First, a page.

Moral knowledge, epistemic externalism, and intuitionism

Ratio 21 (3):329-343 (2008)
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This paper explores the generally overlooked relevance of an important contemporary debate in mainstream epistemology to philosophers working within ethics on questions concerning moral knowledge. It is argued that this debate, between internalists and externalists about the accessibility of epistemic justification, has the potential to be both significantly influenced by, and have a significant impact upon, the study of moral knowledge. The moral sphere provides a particular type of strong evidence in favour of externalism, and mainstream epistemologists might benefit from paying attention to this fact. At the same time, the terrain of moral epistemology (approached as a sub-field of metaethics) needs to be reshaped by the realisation that externalists can steal the thunder of intuitionists when it comes to knowledge constituted by seemingly self-evident beliefs.1.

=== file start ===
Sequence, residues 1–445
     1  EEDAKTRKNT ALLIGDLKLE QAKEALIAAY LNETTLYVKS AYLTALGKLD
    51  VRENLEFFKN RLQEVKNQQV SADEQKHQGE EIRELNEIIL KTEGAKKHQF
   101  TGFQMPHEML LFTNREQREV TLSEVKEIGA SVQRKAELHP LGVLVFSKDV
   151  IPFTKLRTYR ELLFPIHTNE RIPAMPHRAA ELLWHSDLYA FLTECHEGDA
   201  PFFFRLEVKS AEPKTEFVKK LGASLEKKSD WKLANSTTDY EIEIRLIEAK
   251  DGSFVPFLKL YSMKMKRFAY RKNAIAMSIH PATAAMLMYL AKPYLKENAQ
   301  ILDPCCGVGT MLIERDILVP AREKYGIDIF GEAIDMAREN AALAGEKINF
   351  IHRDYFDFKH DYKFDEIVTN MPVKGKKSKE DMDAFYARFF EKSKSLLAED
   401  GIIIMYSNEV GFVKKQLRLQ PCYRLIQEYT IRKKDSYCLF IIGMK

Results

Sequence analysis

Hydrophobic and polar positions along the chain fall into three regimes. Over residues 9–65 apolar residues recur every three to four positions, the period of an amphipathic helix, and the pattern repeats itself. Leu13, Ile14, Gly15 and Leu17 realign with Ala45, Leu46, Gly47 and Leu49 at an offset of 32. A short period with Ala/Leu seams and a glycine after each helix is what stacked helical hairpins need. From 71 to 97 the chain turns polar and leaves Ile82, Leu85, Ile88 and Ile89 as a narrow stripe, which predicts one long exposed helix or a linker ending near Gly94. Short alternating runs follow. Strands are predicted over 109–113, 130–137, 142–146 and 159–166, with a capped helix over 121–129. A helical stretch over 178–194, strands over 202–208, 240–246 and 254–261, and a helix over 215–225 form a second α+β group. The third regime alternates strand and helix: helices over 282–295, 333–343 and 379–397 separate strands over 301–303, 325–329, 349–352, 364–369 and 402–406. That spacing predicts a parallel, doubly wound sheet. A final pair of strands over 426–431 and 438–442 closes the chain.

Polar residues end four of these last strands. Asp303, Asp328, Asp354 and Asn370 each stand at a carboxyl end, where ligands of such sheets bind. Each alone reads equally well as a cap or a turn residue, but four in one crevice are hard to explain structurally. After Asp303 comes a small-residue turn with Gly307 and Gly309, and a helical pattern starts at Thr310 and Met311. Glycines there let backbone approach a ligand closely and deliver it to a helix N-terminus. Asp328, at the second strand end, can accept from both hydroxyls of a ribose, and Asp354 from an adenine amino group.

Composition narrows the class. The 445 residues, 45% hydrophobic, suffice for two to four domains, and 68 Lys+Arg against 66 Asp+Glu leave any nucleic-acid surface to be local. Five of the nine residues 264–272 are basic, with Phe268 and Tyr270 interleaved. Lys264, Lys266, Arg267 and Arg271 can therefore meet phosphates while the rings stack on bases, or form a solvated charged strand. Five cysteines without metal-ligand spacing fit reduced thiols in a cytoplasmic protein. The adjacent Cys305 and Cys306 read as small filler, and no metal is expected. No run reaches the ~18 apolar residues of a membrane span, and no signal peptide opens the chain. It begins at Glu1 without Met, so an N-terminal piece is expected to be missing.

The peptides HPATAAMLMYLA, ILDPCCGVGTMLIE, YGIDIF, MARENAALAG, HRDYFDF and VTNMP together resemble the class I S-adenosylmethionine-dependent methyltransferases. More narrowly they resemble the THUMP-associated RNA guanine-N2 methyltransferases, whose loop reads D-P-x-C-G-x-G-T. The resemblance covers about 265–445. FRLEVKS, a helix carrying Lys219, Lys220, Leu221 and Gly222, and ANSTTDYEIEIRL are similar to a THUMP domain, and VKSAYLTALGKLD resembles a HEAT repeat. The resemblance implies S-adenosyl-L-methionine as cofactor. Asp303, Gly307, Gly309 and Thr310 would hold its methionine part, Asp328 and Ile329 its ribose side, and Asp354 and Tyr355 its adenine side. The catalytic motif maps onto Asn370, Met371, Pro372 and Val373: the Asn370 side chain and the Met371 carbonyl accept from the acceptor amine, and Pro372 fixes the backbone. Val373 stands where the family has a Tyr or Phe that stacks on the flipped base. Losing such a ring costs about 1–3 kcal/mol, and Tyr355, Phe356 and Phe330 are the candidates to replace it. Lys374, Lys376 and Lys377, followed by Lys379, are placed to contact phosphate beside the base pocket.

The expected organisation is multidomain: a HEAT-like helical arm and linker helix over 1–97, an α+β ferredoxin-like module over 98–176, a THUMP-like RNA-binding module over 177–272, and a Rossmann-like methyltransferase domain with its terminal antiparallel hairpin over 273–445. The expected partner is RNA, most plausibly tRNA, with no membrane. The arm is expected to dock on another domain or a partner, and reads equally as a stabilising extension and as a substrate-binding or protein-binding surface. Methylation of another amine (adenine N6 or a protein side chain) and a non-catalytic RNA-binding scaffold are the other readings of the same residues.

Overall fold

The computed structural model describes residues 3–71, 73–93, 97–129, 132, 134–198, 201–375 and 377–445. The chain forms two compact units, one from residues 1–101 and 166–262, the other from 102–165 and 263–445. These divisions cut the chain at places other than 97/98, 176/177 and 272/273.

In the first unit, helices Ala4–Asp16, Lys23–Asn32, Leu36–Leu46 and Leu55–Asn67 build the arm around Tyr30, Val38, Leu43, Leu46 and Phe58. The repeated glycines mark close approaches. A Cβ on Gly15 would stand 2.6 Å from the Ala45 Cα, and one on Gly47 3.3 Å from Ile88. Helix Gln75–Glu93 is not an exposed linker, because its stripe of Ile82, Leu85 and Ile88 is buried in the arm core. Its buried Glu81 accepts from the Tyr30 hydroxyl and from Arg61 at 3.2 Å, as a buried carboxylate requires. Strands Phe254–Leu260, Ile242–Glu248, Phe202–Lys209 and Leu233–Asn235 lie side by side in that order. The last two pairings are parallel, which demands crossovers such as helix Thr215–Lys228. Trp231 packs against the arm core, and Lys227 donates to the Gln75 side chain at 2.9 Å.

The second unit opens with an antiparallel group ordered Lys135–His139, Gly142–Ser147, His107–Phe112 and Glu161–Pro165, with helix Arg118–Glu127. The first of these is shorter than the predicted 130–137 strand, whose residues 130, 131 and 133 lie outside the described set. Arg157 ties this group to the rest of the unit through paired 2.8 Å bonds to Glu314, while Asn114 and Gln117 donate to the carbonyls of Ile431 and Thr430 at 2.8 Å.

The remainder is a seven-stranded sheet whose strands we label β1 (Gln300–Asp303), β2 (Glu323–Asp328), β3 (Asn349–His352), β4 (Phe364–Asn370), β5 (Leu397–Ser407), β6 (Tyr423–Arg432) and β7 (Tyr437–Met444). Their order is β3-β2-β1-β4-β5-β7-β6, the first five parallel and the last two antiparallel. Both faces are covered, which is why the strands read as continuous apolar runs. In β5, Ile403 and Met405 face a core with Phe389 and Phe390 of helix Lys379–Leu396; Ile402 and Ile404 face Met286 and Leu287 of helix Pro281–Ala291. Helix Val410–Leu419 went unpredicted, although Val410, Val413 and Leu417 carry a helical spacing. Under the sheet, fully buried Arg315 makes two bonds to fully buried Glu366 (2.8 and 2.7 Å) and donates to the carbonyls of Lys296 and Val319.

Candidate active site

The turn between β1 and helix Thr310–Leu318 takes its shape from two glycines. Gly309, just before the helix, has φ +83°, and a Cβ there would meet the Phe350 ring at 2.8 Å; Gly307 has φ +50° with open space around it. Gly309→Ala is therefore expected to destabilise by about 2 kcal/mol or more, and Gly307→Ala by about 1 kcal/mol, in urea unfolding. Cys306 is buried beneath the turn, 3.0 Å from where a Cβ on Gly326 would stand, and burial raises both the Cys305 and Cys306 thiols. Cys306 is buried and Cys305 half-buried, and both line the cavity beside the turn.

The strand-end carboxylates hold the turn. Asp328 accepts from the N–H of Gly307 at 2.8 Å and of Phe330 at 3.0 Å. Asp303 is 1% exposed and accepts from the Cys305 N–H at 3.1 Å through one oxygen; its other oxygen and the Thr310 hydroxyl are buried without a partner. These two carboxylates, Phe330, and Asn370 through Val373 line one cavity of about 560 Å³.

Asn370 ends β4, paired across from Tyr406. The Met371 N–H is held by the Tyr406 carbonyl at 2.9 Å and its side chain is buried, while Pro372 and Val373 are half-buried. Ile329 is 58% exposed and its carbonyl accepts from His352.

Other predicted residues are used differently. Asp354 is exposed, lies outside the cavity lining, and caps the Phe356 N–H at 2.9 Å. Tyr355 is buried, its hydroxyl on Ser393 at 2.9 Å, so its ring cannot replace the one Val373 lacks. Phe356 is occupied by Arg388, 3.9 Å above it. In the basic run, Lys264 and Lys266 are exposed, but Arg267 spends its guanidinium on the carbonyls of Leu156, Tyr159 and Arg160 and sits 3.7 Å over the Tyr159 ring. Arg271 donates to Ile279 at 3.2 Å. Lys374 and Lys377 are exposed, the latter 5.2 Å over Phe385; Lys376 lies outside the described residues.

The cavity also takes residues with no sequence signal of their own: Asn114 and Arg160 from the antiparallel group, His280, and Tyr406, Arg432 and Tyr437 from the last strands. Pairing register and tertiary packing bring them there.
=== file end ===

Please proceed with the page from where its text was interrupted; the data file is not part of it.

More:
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Daniel Star
Boston University

Citations of this work

One Desire Too Many.Nathan Robert Howard - 2021 - Philosophy and Phenomenological Research 102 (2):302-317.
Moral intuitionism and disagreement.Brian Besong - 2014 - Synthese 191 (12):2767-2789.
Moral Perception without (Prior) Moral Knowledge.Preston J. Werner - 2018 - Journal of Moral Philosophy 15 (2):164-181.
Two Levels of Moral Thinking.Daniel Star - 2011 - Oxford Studies in Normative Ethics 1:75-96.

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References found in this work

Introduction.Philip Stratton-Lake - 2004 - In On What We Owe to Each Other. Malden, MA: Blackwell. pp. 1-17.

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